Wall Street is going to cling to every word spoken this week at the nerdiest of economic nerdfests.
The Federal Reserve will divulge its thinking about the next months and years’ worth of monetary policy at Friday’s virtual Jackson Hole Symposium.
For analysts, the annual resort hangout for central bankers represents a chance to get a real sense of where the Fed is headed: When will the central bank taper its monthly buying spree of securities? When will interest rates go up?
It’s a must-watch if you’re a serious investor, not least because the symposium comes at a time of rising Covid cases due to the more infectious Delta variant and softening economic data.
The main focus will of the event will be on Fed Chairman Jerome Powell’s economic outlook speech on Friday at 10 am ET.
All about the taper
The taper question — when the Fed will ease off the economic stimulus gas pedal — has been on investors’ minds for months.
Faster-than-expected inflation in the first half of the year spurred worries the Fed would roll back its monthly asset purchases of about $120 billion sooner than hoped. The minutes from last month’s policy meeting added fuel to the fire, sending the market into a selloff tizzy early last week, before it recovered this week.
“Various participants commented that economic and financial conditions would likely warrant a reduction in coming months. Several others indicated, however, that a reduction in the pace of asset purchases was more likely to become appropriate early next year,” the minutes from the central bank’s July 27-28 meeting said.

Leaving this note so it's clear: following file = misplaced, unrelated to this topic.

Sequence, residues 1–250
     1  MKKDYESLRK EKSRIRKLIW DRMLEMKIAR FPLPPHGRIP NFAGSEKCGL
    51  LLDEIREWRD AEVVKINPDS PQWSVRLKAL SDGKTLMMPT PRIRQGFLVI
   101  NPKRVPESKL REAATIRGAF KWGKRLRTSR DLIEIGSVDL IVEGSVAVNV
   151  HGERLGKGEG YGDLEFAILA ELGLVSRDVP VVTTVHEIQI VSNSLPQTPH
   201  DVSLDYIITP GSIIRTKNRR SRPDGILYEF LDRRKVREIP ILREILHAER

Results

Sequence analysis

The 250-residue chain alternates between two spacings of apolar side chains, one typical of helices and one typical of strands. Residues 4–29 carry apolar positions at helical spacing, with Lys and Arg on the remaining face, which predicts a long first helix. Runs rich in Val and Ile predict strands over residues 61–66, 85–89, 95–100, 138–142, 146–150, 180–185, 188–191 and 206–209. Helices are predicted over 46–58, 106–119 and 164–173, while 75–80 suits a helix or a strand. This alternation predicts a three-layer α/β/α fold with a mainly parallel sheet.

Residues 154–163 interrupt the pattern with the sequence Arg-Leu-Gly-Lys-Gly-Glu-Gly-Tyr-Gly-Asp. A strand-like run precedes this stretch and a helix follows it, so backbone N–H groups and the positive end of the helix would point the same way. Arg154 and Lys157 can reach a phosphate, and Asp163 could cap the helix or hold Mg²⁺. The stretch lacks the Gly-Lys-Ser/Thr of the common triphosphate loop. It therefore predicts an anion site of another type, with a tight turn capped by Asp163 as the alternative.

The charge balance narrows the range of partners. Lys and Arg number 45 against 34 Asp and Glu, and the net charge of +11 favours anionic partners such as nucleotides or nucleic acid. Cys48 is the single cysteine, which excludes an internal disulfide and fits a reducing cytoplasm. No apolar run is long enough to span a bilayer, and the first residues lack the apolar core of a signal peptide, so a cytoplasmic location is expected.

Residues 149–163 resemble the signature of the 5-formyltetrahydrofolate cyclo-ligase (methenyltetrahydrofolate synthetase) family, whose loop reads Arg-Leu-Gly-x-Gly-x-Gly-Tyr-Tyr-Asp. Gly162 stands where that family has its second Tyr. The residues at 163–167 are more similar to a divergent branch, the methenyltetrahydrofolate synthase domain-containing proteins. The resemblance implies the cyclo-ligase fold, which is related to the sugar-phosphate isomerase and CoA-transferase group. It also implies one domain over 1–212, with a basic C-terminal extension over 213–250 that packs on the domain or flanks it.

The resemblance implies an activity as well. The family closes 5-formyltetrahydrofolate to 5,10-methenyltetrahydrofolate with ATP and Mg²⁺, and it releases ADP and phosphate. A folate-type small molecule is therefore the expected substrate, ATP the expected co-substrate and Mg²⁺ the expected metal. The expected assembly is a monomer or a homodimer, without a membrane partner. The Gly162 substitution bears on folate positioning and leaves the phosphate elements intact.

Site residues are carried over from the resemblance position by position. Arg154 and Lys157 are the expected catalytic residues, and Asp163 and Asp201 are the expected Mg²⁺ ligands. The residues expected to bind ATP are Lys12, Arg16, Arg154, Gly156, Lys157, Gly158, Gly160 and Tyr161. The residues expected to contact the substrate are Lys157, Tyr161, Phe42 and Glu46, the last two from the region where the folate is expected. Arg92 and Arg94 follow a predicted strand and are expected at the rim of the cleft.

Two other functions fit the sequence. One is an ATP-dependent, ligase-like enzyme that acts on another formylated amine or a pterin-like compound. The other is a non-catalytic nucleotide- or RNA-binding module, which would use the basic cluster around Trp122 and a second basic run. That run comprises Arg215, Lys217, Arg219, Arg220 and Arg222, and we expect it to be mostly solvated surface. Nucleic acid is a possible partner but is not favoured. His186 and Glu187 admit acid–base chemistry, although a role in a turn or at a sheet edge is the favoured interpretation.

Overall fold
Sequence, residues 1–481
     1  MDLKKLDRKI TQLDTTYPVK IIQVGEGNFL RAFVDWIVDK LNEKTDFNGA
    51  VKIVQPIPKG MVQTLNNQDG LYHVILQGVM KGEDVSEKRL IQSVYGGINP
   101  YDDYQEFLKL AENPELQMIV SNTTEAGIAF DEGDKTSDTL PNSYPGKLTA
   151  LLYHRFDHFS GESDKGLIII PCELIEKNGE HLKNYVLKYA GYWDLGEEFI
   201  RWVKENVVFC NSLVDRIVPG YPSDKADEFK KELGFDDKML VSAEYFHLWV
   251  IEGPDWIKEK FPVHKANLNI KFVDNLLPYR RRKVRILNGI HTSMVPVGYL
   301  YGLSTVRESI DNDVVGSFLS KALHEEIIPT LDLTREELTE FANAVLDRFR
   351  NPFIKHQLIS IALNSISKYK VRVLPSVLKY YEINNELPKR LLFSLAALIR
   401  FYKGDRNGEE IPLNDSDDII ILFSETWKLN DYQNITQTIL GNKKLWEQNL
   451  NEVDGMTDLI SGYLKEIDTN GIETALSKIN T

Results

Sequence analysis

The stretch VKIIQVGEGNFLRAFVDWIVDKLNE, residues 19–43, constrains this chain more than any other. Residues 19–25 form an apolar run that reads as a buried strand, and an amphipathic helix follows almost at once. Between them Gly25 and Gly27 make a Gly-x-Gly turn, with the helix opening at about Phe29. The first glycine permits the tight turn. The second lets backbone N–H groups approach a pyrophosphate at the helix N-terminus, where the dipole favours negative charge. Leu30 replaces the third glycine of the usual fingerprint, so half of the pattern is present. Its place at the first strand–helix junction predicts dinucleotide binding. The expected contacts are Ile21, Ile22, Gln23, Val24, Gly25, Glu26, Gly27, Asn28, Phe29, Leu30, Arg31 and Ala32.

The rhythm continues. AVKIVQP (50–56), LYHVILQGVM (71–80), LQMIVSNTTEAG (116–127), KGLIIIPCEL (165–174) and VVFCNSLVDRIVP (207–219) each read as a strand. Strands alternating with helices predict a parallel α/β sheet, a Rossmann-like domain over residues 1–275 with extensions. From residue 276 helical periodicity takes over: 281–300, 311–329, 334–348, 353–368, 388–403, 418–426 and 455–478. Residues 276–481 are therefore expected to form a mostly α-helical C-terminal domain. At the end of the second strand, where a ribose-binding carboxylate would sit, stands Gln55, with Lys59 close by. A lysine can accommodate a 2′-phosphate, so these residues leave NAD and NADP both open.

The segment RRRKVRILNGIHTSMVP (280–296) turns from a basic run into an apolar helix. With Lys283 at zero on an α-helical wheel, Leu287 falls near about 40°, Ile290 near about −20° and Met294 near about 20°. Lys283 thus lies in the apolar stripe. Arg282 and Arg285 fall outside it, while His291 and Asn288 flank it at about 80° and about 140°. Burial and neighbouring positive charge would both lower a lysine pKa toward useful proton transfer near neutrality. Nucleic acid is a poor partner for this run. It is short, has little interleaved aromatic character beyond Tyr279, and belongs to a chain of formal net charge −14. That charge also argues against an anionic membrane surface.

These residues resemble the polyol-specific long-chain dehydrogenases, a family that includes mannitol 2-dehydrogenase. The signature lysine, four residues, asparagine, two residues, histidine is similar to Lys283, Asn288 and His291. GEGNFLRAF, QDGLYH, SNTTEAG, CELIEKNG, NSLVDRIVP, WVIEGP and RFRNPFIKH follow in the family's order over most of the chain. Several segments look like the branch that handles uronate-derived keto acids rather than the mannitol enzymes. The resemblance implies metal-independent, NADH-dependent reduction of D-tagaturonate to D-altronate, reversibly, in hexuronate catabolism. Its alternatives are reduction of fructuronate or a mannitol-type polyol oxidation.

Goldman Sachs has moved its prediction for when the Fed will start tapering to November from December on the back of these minutes, expecting a $15 billion taper per meeting, starting with a formal announcement in November.
Even though every investor under the sun will be listening for any and all taper talk at the end of the week, those hoping for groundbreaking revelations might wind up disappointed.
“We expect the September FOMC meeting to be the main event where Powell more substantially sets the predicate on tapering, not Jackson Hole,” said RSM Chief Economist Joe Brusuelas.
For the Fed, waiting at least until next month has its benefits, including another look at the labor market with next week’s jobs report. Another strong report could strengthen the case for the tapering to get going.
Is inflation here to stay?
But even if Powell doesn’t set a firm date for tapering on Friday, there is still plenty he could clarify.
When inflation started to jump, the Fed introduced the market to its favorite word: transitory. That means prices are rising largely because of temporary factors as the economy reopens and the world copes with supply chain issues.
Although the Fed is still mostly on the transitory train, the July meeting minutes noted that several officials believe the worse-than-expected supply chain disruptions could keep pressure on prices into next year.
So which one is it? Transitory, or not really? Wall Street investors are hoping Powell and other Fed officials will shed a little light on the issues Friday.
Low yield world
The Fed’s monthly asset purchases have kept bond yields low for the most part. Buying $80 billion worth of Treasury securities every month will do that.
Even when yields on the 10-year Treasury bond spiked to their highest since before the pandemic earlier this year, pushed up by worries about an overheating economy and higher inflation, yields were really still quite low.
So what might happen when the Fed scales its monthly buys?
“With less central bank buying, bond yields will likely rise globally, but not too much,” said John Vail, Chief Global Strategist at Nikko Asset Management.
From a stock market point of view, it could be a reason for cyclical and financial stocks to perform well, Vail added.
For the market as a whole, a more hawkish Fed would likely weigh on the rally that propelled stocks to record highs once again this week.
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